1. I agree with the above regarding not marinating ribeyes or NY steaks, but for something like a skirt steak - the relative flatness and surface to mass ratio, and the make-up of this meat screams for marinades. For me, one of the key parts of a marinade is ACID. I really like incorporating lime or lemon juice and sometimes red wine vinegar. Mix this with some herbs of choice (oregano or parsley or sage or other favorites), some garlic, some onion, and rub in.

          With something with a nice surface-to-mass ratio like skirt steak, you don't need to marinade overnight... even 1 hour will have a significant effect.

          1. To me, it's not that rib eyes and strip steaks taste bad with marinades, so much as they don't have a good mass to surface area ratio for a marinade. If, for whatever reason, you cut a rib eye thin, then it would take a marinade just fine. Foodie blasphemy, but it's true.

            Sauces are a different matter. Use them entirely at your discretion. A little bit of chimichurri can be nice. Nothing wrong with bearnaise or a compound butter served on steak.

            Here's a classic cognac cream pan sauce that tastes good, is easy to make, and can impress:
            You can make it as the steaks rest or as they cook, depending on thickness. Combine in a pan (perhaps the pan you cooked em in) a knob of butter, a minced shallot, and a little parsley. Once soft, remove pan from heat and add a shot of cognac. Burn off the alcohol, then add 1 cup beef stock, 2 T tomato paste, 1 T dijon or brown mustard, a bit of good paprika and rosemary. Reduce by half, then add 1/2 cup of heavy cream and turn off the heat. Add salt and cayenne pepper to taste.

            And here is what I call 'Jersey steaks.' It's a modification of the way my dad cooked steaks (he was from Jersey). Thoroughly un-chowish, no snob appeal. But even the most hardened foodies I've served it to have admitted that it's delicious:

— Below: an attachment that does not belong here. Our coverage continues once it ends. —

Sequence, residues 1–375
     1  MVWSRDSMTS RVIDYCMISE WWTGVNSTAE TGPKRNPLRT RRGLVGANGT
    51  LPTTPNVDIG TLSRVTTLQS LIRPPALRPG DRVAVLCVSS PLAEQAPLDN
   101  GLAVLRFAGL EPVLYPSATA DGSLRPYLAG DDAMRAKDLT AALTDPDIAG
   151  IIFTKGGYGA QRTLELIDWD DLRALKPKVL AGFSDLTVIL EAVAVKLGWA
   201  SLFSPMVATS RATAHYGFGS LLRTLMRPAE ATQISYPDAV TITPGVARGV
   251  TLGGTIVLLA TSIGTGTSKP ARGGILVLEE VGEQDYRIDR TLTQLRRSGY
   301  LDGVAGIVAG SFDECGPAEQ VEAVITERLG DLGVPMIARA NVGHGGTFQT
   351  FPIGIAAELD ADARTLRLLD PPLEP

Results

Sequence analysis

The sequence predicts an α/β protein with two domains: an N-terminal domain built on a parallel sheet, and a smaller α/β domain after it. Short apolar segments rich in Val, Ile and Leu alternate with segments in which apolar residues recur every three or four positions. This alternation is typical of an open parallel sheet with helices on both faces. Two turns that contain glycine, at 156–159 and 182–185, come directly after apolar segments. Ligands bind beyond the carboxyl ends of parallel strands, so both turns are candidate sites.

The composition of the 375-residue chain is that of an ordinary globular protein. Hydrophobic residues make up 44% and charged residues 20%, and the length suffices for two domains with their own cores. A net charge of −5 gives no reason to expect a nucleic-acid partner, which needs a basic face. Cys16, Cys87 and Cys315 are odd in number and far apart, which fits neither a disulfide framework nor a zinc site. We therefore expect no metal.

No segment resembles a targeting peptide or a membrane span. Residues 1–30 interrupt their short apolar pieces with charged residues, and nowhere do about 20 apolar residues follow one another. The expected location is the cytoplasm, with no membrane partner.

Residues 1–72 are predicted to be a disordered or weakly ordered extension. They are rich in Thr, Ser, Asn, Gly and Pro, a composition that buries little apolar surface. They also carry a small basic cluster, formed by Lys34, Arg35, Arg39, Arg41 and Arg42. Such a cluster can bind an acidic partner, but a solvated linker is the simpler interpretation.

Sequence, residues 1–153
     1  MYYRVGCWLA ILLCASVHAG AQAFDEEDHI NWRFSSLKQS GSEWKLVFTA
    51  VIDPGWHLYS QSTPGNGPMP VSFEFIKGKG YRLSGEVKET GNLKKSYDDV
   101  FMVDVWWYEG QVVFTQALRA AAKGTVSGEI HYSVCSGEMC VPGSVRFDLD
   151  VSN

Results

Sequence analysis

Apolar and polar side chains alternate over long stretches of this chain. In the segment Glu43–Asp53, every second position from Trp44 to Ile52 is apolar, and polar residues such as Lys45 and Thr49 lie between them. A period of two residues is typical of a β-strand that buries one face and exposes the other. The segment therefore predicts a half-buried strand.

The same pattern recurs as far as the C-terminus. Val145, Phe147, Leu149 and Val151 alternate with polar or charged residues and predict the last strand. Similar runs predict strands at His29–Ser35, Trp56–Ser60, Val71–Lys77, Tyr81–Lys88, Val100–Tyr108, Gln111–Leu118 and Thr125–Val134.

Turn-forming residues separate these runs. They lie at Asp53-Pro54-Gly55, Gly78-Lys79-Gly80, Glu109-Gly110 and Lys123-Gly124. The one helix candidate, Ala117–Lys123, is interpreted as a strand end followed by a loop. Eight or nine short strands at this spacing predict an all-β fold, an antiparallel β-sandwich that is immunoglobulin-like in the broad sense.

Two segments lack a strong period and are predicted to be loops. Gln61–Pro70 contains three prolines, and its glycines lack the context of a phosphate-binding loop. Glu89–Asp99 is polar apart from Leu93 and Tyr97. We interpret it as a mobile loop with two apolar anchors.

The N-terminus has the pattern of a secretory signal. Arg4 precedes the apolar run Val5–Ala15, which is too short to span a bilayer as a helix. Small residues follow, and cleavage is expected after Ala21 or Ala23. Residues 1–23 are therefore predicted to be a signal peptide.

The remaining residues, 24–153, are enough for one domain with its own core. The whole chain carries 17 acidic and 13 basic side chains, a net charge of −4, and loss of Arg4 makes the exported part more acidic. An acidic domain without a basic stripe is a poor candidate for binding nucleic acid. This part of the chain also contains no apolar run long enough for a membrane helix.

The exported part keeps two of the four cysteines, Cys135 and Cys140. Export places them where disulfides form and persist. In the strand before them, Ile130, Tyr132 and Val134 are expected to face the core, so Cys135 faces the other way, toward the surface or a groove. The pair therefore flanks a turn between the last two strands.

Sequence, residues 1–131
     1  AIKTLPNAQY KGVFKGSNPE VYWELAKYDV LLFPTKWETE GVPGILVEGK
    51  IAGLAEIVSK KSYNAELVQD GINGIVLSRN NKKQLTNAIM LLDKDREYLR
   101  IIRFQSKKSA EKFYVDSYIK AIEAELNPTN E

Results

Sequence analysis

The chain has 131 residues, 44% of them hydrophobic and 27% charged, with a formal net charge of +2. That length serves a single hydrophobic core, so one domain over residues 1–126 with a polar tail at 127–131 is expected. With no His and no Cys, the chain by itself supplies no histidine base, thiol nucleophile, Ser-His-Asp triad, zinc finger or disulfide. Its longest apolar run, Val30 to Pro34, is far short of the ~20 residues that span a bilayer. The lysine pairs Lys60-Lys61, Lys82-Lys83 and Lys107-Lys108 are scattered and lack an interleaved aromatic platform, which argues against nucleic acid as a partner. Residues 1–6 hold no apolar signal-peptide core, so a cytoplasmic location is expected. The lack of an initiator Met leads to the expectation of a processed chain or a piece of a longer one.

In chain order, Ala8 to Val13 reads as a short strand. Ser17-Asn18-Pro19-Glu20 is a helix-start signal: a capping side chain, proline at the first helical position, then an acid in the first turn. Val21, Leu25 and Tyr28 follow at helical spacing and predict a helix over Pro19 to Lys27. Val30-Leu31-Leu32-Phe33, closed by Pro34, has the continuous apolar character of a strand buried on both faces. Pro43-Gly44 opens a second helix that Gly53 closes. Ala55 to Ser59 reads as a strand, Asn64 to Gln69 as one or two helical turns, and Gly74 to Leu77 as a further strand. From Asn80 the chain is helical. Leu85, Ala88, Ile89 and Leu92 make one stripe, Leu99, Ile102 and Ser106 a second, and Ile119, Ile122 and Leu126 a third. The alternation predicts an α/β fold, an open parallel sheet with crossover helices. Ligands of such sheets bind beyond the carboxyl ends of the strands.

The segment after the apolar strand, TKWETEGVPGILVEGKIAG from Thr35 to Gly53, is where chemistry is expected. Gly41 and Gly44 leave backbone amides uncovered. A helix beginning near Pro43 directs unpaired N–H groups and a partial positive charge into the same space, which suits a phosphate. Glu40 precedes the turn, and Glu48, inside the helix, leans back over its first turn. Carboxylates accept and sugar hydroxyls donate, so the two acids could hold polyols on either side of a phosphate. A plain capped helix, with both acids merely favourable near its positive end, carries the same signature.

'Jersey Steaks'
            - Preheat oven. Anywhere between 200 and 400 is fine. Lower temp means more even cooking, but it takes longer.
            - Dry steaks surface (at least 3/4 inch thick, preferably 1.5 inches) and salt them.
            - Coat the bottom of a stainless, aluminum, or cast iron pan with high smoke point oil (I use rice bran oil or refined safflower oil) and heat it until it starts to smoke. Once smoking a bit, add the steaks.
            - Cook about 1-2 minutes - this should create a very impressive crust. Then flip. Sear for 30 seconds to 1 minute, then put the pan in the oven and cook to desired doneness.
            - Remove steak from pan and rest it. Pour off all but 1 T of the oil, making sure not to pour off any of the accumulated meat juices with it.
            - Put pan on low heat. Add 2 T A1 steak sauce and a about 2 teaspoons of L&P Worcestershire sauce. Add a mashed clove of garlic.
            - Cook for a minute or so, and then take off the heat and whisk in 1 T of butter. Also whisk in any juices that accumulated as the steaks rest. Drizzle the steaks with sauce.

            I know. A1 sauce? Yep. In the pan, it caramelizes just a tiny bit, and mixes with the meat juices to become far tastier than it is just poured from the bottle. Even if you're not a fan of A1 (and more than a few of the people I've served it to have claimed not to be), you might be surprised.